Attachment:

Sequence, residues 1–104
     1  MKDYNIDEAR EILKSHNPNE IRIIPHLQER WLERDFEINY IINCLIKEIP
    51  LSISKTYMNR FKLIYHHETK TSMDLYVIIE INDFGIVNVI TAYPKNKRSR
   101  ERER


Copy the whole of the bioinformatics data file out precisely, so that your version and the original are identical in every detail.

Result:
Sequence, residues 1–104
     1  MKDYNIDEAR EILKSHNPNE IRIIPHLQER WLERDFEINY IINCLIKEIP
    51  LSISKTYMNR FKLIYHHETK TSMDLYVIIE INDFGIVNVI TAYPKNKRSR
   101  ERER